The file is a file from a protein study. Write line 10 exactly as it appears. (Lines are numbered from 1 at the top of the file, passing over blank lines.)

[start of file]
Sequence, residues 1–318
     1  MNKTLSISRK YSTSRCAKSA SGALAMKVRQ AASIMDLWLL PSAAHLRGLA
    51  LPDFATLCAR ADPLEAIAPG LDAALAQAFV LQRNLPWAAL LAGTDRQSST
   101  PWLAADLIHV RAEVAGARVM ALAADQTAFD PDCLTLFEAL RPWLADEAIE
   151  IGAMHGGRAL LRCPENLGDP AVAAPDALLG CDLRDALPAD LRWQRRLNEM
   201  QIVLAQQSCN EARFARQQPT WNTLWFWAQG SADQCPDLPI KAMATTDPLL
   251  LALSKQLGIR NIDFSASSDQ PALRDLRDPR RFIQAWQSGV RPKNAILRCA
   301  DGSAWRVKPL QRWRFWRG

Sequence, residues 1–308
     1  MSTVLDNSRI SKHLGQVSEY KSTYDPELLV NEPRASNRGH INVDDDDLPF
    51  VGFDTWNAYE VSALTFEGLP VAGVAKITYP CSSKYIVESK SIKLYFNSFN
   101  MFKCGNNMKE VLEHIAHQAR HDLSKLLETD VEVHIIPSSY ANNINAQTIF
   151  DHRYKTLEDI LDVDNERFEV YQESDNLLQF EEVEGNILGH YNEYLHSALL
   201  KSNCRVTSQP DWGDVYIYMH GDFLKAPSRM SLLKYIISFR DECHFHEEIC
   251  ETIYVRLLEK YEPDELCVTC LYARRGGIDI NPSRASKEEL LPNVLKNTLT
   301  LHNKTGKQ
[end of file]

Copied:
     1  MSTVLDNSRI SKHLGQVSEY KSTYDPELLV NEPRASNRGH INVDDDDLPF